Do you speak Kiwi?

It is said that Britain and America are two countries separated by a common language and certainly our time living in Texas in the 1980’s led to some interesting communication issues, although this was mainly due to different pronunciation rather than to the words being used. To a lesser extent the same can be observed in relation to New Zealand, but hopefully this simple guide will suffice to allow the reader easy travelling in this beautiful country.

Some words are obvious – always ‘couch’ and ‘truck’, never settee or lorry – no child here has ever wrestled with the tongue twister ‘red lorry, yellow lorry’.

Some words replace everyday English words with more evocative or descriptive terms – e.g. ‘trundler’ for supermarket trolley, ‘swingbridge’ for suspension bridge (and boy do some of them swing when you walk on them) and ‘gumboots’ for wellies. Oh, and ‘going for a tramp’ doesn’t mean taking it out on a homeless person, rather it means going for a hike.

Some words are downright confusing, for instance ‘seal’ is not a marine mammal with fishy breath that lies around on rocks all day long (well yes it IS a marine mammal with fishy breath as well) but it also refers to tarmac, and ‘jandals’ are better known to most of you as flip-flops. On a hot day make sure your jandals don’t stick to the seal!

There was one word however that completely foxed us and that is ‘Manchester’. I invite all of my non-Kiwi readers to hazard a guess as to what Manchester might be (clue: you are most likely to see notices about Manchester in a supermarket). I will let you know the answer in the next blog … and no cheating by using Google!

Having banned my Kiwi readers from contributing to the Manchester question, perhaps you would like instead to suggest other words or phrases that might be included in an anthology of confusing terms for visiting Poms.

Of course the biggest confusion arises because of the accent. Air New Zealand’s Christmas advert last year is worth watching featuring Stephen Fry as a very confused Santa trying to work out what it is the Kiwi kids are wanting for Christmas. (Click here to view Air New Zealand/Santa)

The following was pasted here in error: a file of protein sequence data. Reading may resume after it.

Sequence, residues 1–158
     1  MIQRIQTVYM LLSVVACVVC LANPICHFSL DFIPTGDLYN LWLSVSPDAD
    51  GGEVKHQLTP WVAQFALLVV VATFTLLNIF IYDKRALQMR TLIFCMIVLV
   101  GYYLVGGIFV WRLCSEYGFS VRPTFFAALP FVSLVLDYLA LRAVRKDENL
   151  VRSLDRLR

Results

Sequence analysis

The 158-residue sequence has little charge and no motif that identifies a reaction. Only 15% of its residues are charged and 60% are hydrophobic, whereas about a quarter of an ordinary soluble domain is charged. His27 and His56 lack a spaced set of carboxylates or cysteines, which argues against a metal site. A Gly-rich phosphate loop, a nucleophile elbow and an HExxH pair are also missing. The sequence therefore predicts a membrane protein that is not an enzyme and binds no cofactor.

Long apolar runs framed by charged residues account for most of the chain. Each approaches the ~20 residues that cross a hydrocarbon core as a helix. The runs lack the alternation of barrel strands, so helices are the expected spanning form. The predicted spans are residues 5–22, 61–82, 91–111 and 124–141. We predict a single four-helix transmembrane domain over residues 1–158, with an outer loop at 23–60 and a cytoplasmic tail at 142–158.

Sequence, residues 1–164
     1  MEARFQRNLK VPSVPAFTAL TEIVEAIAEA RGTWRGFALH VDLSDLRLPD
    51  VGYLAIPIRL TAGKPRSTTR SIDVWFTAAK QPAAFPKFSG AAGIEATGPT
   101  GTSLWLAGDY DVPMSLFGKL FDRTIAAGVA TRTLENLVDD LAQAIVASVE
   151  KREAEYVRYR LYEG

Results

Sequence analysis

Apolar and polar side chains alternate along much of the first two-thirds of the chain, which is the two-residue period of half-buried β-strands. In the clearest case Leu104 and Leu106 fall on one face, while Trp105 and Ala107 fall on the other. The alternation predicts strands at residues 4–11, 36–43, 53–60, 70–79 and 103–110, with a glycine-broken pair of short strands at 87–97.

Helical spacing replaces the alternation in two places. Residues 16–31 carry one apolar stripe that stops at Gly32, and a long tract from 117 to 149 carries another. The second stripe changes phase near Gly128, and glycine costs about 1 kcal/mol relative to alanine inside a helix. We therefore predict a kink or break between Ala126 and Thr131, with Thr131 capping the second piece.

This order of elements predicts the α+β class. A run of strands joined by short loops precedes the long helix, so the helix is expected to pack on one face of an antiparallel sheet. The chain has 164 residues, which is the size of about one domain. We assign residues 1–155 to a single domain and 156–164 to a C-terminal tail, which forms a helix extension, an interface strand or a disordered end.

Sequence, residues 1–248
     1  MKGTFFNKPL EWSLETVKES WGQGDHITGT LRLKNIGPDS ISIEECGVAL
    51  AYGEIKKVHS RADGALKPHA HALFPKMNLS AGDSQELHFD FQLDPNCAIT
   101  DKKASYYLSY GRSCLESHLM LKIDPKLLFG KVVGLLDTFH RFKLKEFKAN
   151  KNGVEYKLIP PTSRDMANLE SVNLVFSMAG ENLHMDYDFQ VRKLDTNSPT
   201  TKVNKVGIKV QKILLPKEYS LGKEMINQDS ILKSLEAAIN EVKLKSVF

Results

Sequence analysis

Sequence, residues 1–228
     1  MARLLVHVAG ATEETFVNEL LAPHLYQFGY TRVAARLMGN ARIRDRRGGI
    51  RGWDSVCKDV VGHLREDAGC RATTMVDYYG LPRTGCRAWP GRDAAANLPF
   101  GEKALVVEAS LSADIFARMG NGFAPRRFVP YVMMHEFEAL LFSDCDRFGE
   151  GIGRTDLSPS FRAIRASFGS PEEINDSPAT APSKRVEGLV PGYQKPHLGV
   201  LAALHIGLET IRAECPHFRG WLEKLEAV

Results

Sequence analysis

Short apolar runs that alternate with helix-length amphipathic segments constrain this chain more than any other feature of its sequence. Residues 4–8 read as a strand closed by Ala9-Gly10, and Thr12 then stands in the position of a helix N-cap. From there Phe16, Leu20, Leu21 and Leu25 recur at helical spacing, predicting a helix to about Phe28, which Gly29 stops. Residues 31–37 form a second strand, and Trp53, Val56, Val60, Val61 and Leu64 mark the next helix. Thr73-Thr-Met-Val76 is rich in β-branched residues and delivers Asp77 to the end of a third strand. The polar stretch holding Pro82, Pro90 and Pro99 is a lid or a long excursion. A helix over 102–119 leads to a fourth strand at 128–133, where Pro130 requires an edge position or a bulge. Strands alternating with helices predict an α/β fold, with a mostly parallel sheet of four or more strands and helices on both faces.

Very briefly let me explain: ‘pan’ is pronounced “pen”, ‘pen meanwhile is pronounced “pin” and to complete the confusion ‘pin’ is pronounced “peen”. ‘Pon’ and ‘pun’ are pronounced as you would expect, except of course ‘pon’ isn’t a word 😁. I hope you are keeping up.

As usual here are a few photos to give you a flavour of our travels. We are currently doing what we promised ourselves we wouldn’t do and that is hammering out the kilometres to get down to Doubtful Sound for the weekend. We have an appointment with a ferry that we don’t want to miss. It was the only free date we could get which has forced us to whizz past amazing places en route without taking time out to savour them properly. Oh well it leaves us with stuff to do the next time we come! 👍

Farewell Spit, Golden Bay
Kaiteriteri beach
Cape Foul Wind, Westport
A moon jellyfish – harmless to touch and tastes like fishy water (apparently!)

4 Comments on “Do you speak Kiwi?”

  1. Ian my good friend,
    As a long-serving person of the insurance world I know that it’s not uncommon, for couples that ‘disappear’ to the other side of the world, for one of them to be ‘bumped off’ by the other. Of course I would never suspect this is the case with you, an honourable man.

    However when I read your blog there has ceased to be any material mention of our lovely Sally. Now this is just an idle observation, nothing more. I am not trying to start a conspiracy here. However can I seriously suggest that photoshopped pictures of Sally at such ridiculously made up places do not help, such as Farewell Spit (is that a clue) and Cape Foul Wind, which if any reader bothered to look up they surely would not find. Just saying.

    Yours in the highest regard

    DG.

  2. Doubtful Sound brings back one of our favourite memories! We spent 24 hours aboard a yacht on the sound and it was such a magical experience. |It included canoeing, wildlife watching and talks and Richard joined a brave group of swimmers spending 5 minutes in the seemingly ‘black’ freezing water. Definitely recommended if you get the opportunity.

    Unlike your suspicious friend above, I have no worries for the wellbeing of my friend and, if I did, I would be on the first plane out there to save her from your disasterly plans! However, a picture of you both together in the next blog would allay all fears.

  3. Loving this blog! Language is so interesting! I’m just glad that in uk and Nz red wine means red wine🍷 👍
    Loved the last blog on wine!

    When we lived in Nottingham – would go to bakers for 6 cobs – when we came south – bakers didn’t know what we were asking for and be confused about 6 large loaves.. a cob in midlands is a bread roll… took me a while to adjust!

    Hmmm Manchester?? No idea – but I hope your next blog is not to far behind – otherwise I might be forced to google!

  4. Have decided that Manchester is a special checkout just for men who can’t cook🤣Appropriately named as the man grabs the frozen food from the freezer chest on his way home and he is always in a hurry!

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